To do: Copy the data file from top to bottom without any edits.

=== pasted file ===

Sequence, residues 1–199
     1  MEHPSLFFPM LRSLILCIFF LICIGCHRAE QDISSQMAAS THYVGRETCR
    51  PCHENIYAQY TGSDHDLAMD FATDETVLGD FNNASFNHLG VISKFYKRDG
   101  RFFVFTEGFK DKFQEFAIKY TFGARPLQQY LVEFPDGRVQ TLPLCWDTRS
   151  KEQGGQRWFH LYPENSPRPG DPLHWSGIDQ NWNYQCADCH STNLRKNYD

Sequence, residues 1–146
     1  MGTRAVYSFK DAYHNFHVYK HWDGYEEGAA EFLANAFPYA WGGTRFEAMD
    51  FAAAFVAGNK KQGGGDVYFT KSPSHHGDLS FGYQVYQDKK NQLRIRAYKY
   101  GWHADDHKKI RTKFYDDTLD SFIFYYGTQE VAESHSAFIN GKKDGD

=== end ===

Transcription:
Sequence, residues 1–199
     1  MEHPSLFFPM LRSLILCIFF LICIGCHRAE QDISSQMAAS THYVGRETCR
    51  PCHENIYAQY TGSDHDLAMD FATDETVLGD FNNASFNHLG VISKFYKRDG
   101  RFFVFTEGFK DKFQEFAIKY TFGARPLQQY LVEFPDGRVQ TLPLCWDTRS
   151  KEQGGQRWFH LYPENSPRPG DPLHWSGIDQ NWNYQCADCH STNLRKNYD

Sequence, residues 1–146
     1  MGTRAVYSFK DAYHNFHVYK HWDGYEEGAA EFLANAFPYA WGGTRFEAMD
    51  FAAAFVAGNK KQGGGDVYFT KSPSHHGDLS FGYQVYQDKK NQLRIRAYKY
   101  GWHADDHKKI RTKFYDDTLD SFIFYYGTQE VAESHSAFIN GKKDGD